15 9 / 2014
Cute boys, mistletoe, counting down to the midnight kiss on New Year’s Eve—there’s no shortage of cozy setups for holiday romance in this captivating collection of short stories by a dozen of today’s top YA authors. Readers will also find a broad cross-section of other emotions and relationships in these tales about the significance of varied holiday traditions. Jenny Han delivers a fantasy-tinged entry about a Korean girl left as an infant in Santa’s sleigh, who is now the only human girl at the North Pole (and crushing on a cute elf). Kelly Link delves into supernatural territory, featuring a mysterious Christmas Eve visitor in an elegantly embroidered coat. And the Jewish narrator of David Levithan’s story undertakes a wild nighttime mission, donning a Santa suit to help preserve a sense of Christmas magic for his boyfriend’s young sister. A rare seasonal treat. Ages 13–up. (Oct.)
Do feel free to pre-order a copy for your seasonally appropriate reading pleasure!
12 9 / 2014
I’ve been doing my best to get caught up on my query inbox lately, and in looking at hundreds of queries over the past few days, I’ve been struck by how many more queries I’m getting for self-published books than ever before. And that’s fine, it is. I’m absolutely open to handling print rights for previously published ebooks, or helping you take your bestselling self-published title to a bigger market, as well as handling foreign, film, and other subsidiary rights for you. But here’s the thing — ok, there’s multiple things. First of all, the key word in that last sentence? “Bestselling.” If you’ve already released your book into the market, I need to know in your query letter how it’s done. Not how many 5- and 4-starred reviews it’s received. Not how many letters you’ve receieved from kids who’ve read and loved it. How many copies it’s sold.
I also want to know WHY you’re approaching me now. I got one query from an author who touted his book’s starred review from Kirkus — which is fantastic, but the query read more like an ad for a book I should buy than a query for something he wanted me to represent. If you’ve done so well self-publishing, why do you want to change now? Why seek me out? I know the reasons why someone would, but I want to hear YOU say it.
(And as an aside, don’t send me ads, ok? Don’t add me to your mailing list and bombard me with spam. Just don’t.)
So say you have a bestselling indie title, and you’ve written to ask me for help in breaking into the traditional publishing world — you know it’s not going to be with Book Two in your series, right? Don’t query me with the middle book in a trilogy, or the third or fourth book in a series. If you’ve done well enough with a series, let’s take your indie success and break you out with something new, something that your previous readers will flock to an actual bookstore to buy — and something they’ll pay more than $2.99 to own.
And don’t forget to keep it within the young adult and middle grade age ranges. Even with a bestselling, previously self-published series that’s done well enough that you’re ready to swing for the big leagues with your next project, let’s keep it to the types of books I actually represent, ok? Thanks!
Photo above by Flickr user Pimthida, used under a Creative Commons license.
10 9 / 2014
thekashif said: I need advice on something, I'm writing a Wonderwoman Script for a friend of mine who does fanfilms and I sort of need some pointers on how to write circe. Any advice you can give?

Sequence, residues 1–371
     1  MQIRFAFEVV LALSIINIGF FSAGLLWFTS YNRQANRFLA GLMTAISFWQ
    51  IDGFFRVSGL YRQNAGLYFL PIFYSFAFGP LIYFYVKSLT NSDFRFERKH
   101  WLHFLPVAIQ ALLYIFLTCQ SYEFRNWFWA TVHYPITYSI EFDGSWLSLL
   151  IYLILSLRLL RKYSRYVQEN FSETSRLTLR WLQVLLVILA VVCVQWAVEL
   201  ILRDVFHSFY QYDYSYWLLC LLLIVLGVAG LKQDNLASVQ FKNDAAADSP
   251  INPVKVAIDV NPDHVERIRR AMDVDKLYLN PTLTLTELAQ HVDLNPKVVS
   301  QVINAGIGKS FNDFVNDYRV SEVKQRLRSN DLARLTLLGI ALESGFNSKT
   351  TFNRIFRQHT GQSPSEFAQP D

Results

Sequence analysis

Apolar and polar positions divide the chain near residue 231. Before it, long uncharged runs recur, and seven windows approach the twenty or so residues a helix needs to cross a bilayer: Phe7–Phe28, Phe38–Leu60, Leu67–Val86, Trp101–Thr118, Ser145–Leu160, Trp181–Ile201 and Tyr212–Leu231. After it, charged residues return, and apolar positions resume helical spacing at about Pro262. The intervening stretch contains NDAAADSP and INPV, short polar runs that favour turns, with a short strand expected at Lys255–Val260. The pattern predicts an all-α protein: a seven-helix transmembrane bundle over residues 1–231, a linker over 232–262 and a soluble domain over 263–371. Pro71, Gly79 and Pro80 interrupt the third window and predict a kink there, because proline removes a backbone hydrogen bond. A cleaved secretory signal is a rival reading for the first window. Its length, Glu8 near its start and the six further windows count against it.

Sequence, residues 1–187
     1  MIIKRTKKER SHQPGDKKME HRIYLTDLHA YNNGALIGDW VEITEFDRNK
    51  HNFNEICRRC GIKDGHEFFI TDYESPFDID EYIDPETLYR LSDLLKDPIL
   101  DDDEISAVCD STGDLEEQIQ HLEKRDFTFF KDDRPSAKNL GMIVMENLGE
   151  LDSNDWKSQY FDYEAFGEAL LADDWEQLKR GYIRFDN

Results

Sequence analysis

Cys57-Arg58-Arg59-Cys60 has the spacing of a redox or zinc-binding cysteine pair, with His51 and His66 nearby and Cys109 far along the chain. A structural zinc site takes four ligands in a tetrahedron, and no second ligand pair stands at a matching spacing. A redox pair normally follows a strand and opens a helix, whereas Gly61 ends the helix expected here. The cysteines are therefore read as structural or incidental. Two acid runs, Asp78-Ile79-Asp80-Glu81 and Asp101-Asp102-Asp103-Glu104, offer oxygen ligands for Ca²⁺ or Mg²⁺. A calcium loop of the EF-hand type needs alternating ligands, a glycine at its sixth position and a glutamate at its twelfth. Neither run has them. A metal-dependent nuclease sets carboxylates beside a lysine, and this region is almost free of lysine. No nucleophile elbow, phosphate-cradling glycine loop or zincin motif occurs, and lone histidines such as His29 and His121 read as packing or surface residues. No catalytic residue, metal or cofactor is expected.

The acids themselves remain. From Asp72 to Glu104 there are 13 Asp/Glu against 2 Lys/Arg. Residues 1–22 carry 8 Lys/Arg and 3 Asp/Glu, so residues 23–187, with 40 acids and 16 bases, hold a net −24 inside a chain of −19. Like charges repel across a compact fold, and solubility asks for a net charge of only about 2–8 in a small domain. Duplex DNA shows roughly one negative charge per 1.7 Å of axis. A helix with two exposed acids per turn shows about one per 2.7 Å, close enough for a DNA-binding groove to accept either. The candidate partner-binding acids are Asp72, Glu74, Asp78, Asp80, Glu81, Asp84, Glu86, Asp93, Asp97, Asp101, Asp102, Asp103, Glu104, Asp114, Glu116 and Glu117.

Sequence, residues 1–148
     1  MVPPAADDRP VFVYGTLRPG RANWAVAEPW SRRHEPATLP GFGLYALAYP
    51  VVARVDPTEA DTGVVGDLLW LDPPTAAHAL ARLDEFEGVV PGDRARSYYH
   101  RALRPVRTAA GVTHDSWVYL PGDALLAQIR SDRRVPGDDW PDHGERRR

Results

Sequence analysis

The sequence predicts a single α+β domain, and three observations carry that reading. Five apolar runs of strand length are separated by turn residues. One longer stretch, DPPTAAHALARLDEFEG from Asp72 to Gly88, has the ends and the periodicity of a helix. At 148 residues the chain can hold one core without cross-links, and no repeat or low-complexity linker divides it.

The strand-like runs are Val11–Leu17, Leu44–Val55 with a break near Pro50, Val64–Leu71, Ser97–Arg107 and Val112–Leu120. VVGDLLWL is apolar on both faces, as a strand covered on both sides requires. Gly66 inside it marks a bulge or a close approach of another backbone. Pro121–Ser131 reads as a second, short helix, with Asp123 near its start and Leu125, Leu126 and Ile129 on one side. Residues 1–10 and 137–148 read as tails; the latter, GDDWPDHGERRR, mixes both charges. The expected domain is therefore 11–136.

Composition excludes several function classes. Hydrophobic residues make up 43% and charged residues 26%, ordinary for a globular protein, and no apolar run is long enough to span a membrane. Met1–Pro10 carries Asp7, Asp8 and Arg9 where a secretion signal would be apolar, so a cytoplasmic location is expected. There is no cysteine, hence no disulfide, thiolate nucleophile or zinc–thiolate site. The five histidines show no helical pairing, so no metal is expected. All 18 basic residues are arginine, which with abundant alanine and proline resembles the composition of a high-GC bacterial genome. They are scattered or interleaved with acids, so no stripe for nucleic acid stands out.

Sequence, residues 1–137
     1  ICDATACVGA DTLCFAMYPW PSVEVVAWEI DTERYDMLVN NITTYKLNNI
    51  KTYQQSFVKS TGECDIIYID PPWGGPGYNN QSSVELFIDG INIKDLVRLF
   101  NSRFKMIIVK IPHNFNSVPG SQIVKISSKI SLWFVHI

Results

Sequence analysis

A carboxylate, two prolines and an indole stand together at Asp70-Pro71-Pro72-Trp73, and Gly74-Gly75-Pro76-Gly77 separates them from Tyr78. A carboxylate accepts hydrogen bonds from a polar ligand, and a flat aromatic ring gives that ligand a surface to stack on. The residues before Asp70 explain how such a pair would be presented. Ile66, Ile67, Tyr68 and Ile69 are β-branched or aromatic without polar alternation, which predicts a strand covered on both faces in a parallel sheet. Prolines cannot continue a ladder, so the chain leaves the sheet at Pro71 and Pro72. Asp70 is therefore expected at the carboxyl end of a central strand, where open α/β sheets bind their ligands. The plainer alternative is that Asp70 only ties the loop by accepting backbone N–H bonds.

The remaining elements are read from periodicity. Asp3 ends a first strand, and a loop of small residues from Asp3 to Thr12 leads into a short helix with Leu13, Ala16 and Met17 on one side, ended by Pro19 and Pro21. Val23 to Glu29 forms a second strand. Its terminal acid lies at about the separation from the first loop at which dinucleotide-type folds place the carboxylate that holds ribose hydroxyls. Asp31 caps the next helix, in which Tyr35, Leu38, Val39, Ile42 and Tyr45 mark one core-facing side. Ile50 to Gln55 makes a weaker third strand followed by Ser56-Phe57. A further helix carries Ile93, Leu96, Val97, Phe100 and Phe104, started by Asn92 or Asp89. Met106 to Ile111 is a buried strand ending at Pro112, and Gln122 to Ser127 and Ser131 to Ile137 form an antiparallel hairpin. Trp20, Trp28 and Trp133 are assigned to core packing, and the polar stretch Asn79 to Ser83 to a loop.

Circe is often written as just being bad for the sake of being bad, which is both tiresome and a drama-stopper.
She has to have a MOTIVE to work. If I ask even Wonder Woman fans, “what motivates Circe?” most would not have a ready answer like you might for Luthor, Two-Face, or even Ares.
So my advice is, give her a motive, give her a narrative engine. The rest should fall into place if we KNOW WHAT SHE WANTS and she isn’t just Cruella DeVille.
Brilliant advice on writing ANY multi-dimensional character.
27 8 / 2014
"Diggy has spent all thirteen years of his life with his father, having been left on Pop’s doorstep as a baby when Diggy’s mother famously left town riding a tractor. Diggy’s classmate Wayne—almost a year older—now finds himself in a similar situation when his mother’s death leads to his dad’s alcoholism spiraling out of control and dumping Wayne at Pop’s place in a drunken fit, with the bombshell that Pop is actually Wayne’s father. Diggy must learn to adjust to having a brother—especially one “from town”—at the height of an already stressful season for him: he’s being groomed by the reigning champion 4-H steer-raiser (on whom he also has a major crush) to take over her top slot with his calf, Joker. Meanwhile, Wayne gets a steer of his own in order to fit in better with his new family while still trying to get a handle on his grief and shifting relationships. Petruck expertly manifests the gruff ways that teenage guys—especially brothers—express vulnerability coated with a veneer of hobbies and practical joking, and she slowly draws her characters together over steer grooming and model rockets. The parallels between Diggy and Wayne’s feelings of abandonment are subtly but divergently developed; as Diggy throws himself into obtaining future goals to win approval, Wayne dives into the past, hoping that by finding Diggy’s mother, he can achieve closure on his own mother’s death. Pop is also a character in his own right, dispensing world-wise advice, learned from his flawed past. It’s the warm but difficult relationship between Diggy and Wayne that makes this one a purple ribbon (with a 4-H glossary and practical joke handbook for city folks in the back matter)."